Cry Hafoc -- How Barks Came to Britain

Mon Oct 24 11:46:33 CET 1994

      Dear Folks,

      Being in Great Britain lately gave me the chance to see how 
Barks' work was first used here.  And the method in which it was done 
was a tremendous shock to me.

      You see, the Mickey Mouse weekly comic in the 1940s wasn't big 
enough to hold Barks material (it was eight pages per week!), and 
wouldn't feature any of his stories until the 1950s (and even then, 
serialized, I believe).  So what was done?  Dean and Son, publishers 
of the 250-page MICKEY MOUSE ANNUAL, had a solution.

       You'd think that would be to print Barks stories there, right? 
 Nope.  Instead, Barks' comics were rewritten entirely as text 
stories and illustrated with crude copies of Barks' drawings.  But 
the ratio of text to art was heavy on the text-side.  So these really 
were *stories*, not Big Little Book style 50-50 mixtures of drawings 
and print.

      The 1946 annual I saw (but could not afford) at a bookdealer's 
shop the other day contained stories based on "Frozen Gold" and WDC&S 
47's "Farragut the Falcon."  But tremendous liberties have been taken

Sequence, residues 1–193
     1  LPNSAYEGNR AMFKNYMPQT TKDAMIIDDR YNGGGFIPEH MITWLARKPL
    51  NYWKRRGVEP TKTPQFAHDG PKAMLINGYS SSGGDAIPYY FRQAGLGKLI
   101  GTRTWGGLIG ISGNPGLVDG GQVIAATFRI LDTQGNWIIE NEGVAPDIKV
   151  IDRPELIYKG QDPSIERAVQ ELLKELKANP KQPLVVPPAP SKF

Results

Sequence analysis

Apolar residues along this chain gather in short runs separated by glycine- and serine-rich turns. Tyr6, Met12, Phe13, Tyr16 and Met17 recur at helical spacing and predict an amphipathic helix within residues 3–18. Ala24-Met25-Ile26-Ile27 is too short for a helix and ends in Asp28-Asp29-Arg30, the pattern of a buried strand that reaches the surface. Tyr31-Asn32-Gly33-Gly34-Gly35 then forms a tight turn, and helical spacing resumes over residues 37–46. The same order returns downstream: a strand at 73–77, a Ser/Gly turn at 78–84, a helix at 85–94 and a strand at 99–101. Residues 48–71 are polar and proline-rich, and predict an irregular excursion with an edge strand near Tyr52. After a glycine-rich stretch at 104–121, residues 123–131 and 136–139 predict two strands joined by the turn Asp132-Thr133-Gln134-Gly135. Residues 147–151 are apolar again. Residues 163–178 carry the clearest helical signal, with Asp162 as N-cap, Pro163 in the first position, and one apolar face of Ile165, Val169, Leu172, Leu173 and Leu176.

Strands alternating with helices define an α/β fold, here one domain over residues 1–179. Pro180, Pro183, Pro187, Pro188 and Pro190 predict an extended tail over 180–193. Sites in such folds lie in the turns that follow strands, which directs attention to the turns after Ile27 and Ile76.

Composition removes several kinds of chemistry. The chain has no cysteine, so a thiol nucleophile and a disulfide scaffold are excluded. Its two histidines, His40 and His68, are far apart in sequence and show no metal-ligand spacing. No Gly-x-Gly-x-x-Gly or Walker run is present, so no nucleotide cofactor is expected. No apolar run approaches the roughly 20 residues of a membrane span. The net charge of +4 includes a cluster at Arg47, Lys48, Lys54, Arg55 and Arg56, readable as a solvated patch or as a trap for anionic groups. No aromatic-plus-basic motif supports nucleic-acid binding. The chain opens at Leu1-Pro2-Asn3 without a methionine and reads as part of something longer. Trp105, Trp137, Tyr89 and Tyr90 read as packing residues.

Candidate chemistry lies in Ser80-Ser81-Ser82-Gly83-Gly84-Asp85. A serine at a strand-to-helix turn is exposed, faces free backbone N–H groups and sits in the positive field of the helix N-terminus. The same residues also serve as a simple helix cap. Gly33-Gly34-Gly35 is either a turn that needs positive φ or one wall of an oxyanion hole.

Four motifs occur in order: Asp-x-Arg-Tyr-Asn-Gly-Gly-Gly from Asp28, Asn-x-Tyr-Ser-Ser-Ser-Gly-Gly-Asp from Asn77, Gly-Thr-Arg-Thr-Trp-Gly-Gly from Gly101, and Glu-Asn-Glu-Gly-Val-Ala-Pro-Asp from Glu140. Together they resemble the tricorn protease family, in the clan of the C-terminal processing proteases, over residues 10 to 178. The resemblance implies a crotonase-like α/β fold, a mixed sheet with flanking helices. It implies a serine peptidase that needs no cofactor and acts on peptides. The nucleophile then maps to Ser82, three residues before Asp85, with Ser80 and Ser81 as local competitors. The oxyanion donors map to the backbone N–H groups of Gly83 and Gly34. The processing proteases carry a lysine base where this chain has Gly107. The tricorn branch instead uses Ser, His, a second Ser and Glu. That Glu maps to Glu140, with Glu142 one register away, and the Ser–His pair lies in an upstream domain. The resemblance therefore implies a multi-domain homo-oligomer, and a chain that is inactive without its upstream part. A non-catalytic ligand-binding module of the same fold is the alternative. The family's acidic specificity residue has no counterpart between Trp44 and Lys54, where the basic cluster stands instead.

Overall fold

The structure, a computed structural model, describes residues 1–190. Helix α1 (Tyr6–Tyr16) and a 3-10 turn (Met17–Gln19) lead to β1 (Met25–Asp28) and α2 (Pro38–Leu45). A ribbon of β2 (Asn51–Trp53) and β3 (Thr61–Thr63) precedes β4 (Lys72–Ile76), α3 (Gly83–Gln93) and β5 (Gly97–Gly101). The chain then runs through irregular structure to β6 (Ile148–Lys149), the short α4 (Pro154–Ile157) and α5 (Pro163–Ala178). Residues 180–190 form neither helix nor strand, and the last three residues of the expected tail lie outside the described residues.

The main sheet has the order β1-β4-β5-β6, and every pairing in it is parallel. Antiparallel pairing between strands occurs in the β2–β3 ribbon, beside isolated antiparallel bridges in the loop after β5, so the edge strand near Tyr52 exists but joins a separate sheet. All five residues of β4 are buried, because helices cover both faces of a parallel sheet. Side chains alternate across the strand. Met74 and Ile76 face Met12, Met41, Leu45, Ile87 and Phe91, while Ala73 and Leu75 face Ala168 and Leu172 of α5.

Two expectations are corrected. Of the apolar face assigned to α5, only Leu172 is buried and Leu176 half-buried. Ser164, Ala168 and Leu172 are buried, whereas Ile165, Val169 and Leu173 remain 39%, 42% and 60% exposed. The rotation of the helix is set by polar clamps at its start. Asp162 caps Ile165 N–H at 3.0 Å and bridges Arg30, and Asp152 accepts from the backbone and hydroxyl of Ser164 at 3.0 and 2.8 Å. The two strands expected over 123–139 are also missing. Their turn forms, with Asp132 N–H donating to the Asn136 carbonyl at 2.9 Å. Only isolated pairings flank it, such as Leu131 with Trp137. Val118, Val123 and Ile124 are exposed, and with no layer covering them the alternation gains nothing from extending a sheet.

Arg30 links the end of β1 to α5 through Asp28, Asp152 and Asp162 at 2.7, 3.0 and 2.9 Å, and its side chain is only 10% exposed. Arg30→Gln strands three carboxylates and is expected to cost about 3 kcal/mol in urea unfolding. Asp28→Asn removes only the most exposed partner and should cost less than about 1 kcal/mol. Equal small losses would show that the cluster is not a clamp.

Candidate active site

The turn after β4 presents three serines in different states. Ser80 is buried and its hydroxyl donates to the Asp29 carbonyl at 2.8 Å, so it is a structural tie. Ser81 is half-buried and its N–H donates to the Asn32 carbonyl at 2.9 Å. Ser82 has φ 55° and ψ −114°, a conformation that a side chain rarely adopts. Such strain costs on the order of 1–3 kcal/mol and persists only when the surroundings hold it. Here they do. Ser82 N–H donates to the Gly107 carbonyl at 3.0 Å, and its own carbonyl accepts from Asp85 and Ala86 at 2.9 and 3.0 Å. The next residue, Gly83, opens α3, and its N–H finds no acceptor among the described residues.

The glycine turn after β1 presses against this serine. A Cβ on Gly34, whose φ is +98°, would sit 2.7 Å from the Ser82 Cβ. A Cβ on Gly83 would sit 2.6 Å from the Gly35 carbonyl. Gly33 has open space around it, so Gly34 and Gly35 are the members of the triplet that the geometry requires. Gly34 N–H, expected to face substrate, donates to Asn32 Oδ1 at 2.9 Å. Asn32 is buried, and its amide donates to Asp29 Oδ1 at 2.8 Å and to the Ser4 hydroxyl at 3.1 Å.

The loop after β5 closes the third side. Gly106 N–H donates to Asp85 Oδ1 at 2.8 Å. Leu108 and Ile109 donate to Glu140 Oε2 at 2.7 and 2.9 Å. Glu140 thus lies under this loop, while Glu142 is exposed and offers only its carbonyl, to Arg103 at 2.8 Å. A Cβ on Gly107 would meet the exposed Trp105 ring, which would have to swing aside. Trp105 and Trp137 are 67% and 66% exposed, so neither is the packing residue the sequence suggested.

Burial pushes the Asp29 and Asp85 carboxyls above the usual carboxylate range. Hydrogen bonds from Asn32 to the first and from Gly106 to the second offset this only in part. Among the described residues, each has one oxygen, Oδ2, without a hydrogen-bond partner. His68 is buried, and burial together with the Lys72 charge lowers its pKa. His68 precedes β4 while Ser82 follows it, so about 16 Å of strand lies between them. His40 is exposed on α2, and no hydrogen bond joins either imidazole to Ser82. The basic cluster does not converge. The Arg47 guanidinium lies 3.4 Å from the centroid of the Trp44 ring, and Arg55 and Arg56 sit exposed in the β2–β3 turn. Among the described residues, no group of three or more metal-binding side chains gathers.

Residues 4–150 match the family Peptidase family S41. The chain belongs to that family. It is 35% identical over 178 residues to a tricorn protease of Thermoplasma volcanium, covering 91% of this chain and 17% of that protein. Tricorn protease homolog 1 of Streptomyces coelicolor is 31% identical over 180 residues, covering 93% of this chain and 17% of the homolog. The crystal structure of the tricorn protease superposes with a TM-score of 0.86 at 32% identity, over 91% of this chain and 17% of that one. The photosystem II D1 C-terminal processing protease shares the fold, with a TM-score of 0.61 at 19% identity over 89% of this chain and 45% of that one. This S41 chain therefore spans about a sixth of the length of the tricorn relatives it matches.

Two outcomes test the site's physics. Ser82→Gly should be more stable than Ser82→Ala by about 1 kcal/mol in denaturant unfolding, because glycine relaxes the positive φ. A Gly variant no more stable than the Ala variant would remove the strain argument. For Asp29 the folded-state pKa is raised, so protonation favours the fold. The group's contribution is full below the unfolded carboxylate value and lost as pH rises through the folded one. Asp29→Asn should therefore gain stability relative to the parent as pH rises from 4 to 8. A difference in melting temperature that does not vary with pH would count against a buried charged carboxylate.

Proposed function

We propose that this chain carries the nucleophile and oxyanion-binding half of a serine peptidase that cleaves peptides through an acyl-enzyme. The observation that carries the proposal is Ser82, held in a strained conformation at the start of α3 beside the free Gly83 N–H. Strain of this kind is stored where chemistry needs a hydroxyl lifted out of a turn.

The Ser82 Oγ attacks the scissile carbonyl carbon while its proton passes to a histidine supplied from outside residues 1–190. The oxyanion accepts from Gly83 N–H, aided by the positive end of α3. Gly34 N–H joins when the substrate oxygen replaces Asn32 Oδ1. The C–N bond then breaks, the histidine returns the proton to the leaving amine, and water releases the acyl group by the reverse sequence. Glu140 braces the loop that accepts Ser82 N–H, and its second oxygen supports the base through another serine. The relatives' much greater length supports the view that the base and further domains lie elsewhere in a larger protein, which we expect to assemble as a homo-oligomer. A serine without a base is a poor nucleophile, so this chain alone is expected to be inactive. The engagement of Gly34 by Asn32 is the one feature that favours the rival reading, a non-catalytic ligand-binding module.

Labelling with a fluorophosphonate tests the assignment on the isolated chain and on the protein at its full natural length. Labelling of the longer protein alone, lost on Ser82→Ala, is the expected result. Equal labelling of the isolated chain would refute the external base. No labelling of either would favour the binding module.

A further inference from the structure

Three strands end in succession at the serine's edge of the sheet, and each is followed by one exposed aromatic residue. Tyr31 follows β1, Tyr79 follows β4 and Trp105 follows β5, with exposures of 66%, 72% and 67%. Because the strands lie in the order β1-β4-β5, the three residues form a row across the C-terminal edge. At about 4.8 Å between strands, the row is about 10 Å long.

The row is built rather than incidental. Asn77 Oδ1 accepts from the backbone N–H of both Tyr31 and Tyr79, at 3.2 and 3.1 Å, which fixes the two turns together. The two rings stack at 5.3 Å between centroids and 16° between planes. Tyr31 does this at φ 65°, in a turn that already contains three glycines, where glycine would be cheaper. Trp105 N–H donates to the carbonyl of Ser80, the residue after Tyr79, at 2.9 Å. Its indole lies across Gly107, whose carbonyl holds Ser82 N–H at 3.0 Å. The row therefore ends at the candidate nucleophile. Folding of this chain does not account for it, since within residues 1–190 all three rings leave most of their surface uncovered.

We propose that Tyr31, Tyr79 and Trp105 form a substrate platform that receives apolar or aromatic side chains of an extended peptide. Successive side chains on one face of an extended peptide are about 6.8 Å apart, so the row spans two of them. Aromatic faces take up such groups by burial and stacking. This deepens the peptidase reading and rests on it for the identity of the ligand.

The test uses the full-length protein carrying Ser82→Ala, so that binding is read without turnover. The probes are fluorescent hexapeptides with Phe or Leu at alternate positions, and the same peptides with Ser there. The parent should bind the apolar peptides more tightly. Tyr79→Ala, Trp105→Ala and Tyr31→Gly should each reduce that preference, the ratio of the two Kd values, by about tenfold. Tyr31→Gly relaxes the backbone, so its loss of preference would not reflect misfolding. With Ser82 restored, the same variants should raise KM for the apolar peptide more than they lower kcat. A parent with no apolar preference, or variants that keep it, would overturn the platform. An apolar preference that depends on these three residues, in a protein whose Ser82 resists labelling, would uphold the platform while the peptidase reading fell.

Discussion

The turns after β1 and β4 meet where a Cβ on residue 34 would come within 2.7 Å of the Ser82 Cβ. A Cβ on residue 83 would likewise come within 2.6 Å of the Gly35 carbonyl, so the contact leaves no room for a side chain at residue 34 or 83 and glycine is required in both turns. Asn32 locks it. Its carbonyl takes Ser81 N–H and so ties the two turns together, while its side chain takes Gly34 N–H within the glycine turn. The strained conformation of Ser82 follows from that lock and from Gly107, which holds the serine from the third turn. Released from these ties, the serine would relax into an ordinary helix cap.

with the stories.  Characters' names have been changed, and so forth. 
 And the writing is SO long-winded that you wouldn't believe it!  In 
the Farragut story, the falcon's name is changed to Hafoc for some 
unknown reason.  You probably remember the panel on the last page of 
the original tale in which the judge hands Farragut back to Donald.  
"Take this empty-headed eagle and begone!  You're expelled from this 
meeting!"  (Or some such)  Well, here we have:  "'Take this horrible 
hawk, this empty-headed eagle, this -- this BRAZEN BUZZARD, OUT 
of here -- and when I say out, I mean out!  If you ever come back here, 
I'm not letting you in!  You're expelled -- nay, KICKED OUT of this 
meeting!  So be off with you!"  Everything is expanded to an idiotic 

      Can you believe this?  What a miserable situation.  On the 
other hand, Wilfred Haughton drew some very good one-page Mickey gags 
for these Annuals, too (these were comics, I mean);  if I can get a 
copy of one Annual, maybe I can have Gladstone reprint a few of those 
gags.  Drawn with pie-eyed MM, even as late as 1946 (Haughton would, 
reportedly, draw no other version of the character).

      Well, I must be off, folks.  But I'll be back tomorrow.

      David Gerstein

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